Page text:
Southern Arizona Veterans Workforce Initiative hiring fair

Veterans and employers discussing future prospects at the Southern Arizona Veterans Workforce Initiative hiring fair.

On Oct. 23, dozens of local veterans and businesses met up at Pima Community College for the inaugural job fair of the Southern Arizona Veterans Workforce Initiative. Thirty veterans scheduled follow-up interviews with local aerospace and technology companies, and four veterans were offered jobs on the spot. 

The Workforce Initiative, announced in September, is a veteran-hiring collaboration between the Tucson Metro Chamber of Commerce and Futures Inc., a tech company that developed the Initiative’s military-to-civilian jobs pipeline.

Local businesses at the job fair included: Caterpillar, AGM Container Controls, Caid Industries, Crest Insurance, Barker Contracting and Nextrio.

“We don’t usually do job fairs, but what attracted us was we knew we’d be working with pre-scanned, truly interested candidates,” said Cristie Street, CEO of Nextrio. “I think as far as job fairs go, this was a better evolution of the format.” 

The job pipeline’s website is The site combines military occupation codes with civilians’ skills and certifications, also including factors like security clearances and military work experience. The site then matches the veteran or reserve member to jobs aligning to their expertise. 

“I saw that the employers at the fair were very pleased with the matches that were made,” said Michael Guymon, vice president of the Tucson Metro Chamber. “One told me, ‘We’ve met with six individuals, and we’re gonna give job offers to them all.’”

Guymon says the Tucson Metro Chamber views this collaborative event as the future of job fairs. 

“There was a 68 percent hiring rate,” Guymon said. “I definitely see that as a success.” 

Nextrio employers were so impressed at the job fair, they extended secondary-interview offers to roughly half of the job-seeking veterans they spoke to. 

“The likelihood they’ll get accepted for a job is pretty high once they get that second interview,” Street said.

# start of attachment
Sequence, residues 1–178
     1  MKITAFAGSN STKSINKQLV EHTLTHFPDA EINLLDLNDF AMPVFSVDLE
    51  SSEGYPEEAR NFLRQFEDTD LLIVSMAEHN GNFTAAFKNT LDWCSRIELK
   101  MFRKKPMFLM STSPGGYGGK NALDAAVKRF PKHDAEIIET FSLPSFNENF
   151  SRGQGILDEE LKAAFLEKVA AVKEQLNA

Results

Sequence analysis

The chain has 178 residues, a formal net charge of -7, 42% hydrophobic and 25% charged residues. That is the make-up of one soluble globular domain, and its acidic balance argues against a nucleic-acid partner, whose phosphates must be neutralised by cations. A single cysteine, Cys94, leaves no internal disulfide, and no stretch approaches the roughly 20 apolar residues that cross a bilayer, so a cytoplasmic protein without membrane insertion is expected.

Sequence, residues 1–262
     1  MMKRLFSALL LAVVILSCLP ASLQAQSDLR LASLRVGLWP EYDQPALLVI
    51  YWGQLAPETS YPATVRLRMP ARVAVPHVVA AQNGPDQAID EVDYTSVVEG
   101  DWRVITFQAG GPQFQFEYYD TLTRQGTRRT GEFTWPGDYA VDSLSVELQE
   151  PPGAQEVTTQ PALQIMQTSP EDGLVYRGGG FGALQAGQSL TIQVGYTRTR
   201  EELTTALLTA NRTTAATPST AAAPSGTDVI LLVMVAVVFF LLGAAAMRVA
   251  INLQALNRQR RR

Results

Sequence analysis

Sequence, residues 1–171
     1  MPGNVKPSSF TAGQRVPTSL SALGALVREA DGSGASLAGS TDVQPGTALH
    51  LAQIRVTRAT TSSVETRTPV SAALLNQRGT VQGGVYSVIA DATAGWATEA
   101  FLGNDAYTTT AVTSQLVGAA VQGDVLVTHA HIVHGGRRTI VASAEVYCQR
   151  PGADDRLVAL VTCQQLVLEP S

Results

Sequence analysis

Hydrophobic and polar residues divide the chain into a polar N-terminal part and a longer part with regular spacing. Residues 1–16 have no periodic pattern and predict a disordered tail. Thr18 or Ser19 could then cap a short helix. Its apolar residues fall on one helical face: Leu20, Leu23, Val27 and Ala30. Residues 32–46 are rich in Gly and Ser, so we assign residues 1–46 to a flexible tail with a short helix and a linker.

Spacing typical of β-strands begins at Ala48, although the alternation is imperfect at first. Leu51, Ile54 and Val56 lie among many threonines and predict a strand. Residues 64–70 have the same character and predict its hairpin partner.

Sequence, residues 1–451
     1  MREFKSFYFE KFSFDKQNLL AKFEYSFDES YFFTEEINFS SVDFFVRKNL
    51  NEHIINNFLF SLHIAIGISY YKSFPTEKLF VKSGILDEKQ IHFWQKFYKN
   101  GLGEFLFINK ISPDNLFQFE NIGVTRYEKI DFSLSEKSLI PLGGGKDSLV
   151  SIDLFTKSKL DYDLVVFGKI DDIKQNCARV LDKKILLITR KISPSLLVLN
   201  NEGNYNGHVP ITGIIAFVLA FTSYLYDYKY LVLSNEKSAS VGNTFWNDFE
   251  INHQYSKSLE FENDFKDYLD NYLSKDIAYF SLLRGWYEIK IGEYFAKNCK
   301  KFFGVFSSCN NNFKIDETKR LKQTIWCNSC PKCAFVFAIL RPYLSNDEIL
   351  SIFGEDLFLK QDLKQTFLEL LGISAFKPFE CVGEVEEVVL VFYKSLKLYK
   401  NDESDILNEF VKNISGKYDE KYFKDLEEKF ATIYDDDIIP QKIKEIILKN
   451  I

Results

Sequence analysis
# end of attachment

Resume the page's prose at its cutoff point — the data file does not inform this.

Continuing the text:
While Nextrio is still in the process of job selection after the fair, they do have one veteran recently employed: Nicholas Andres Figueroa, a Marine Corps veteran and PCC student who spoke at the Tucson Metro Chamber’s initial press conference about the jobs pipeline. 

“I’m proud to have served our country.” Figueroa said at the announcement of the Workforce Initiative. “But I was surprised at how hard it was to find a job in the civilian world. I discovered I’d need a degree and that technology jobs were the future.” 

Street approached Figueroa as soon as she could, and asked him if he was prepared for a position at her company. 

“He was on our staff by the time the job fair started,” Street said. “The military does an excellent job of being a first employer. A lot of those who come out of the military already know what they want to do next.” 

While Guymon and the Tucson Metro Chamber are still planning what’s next for the Veterans Workforce Initiative, he says he could see hosting additional job fairs. However, he also says reorganizing the very nature of job fairs may be in effect. 

“We haven’t had this type of hiring technology in the community until now,” Guymon said. “I think we can do a better job serving job seekers by consolidating efforts across the region.” 

Although this job fair was directed toward aerospace and computer science jobs, the Tucson Metro Chamber hopes to expand the Veterans Workforce Initiative into other career fields, because of the versatility of veterans. 

“At a job, we can teach technical knowledge, but what we can’t teach effectively are things like soft skills or discipline,” Street said. “I don’t have to explain to veterans how to be part of a team.” 

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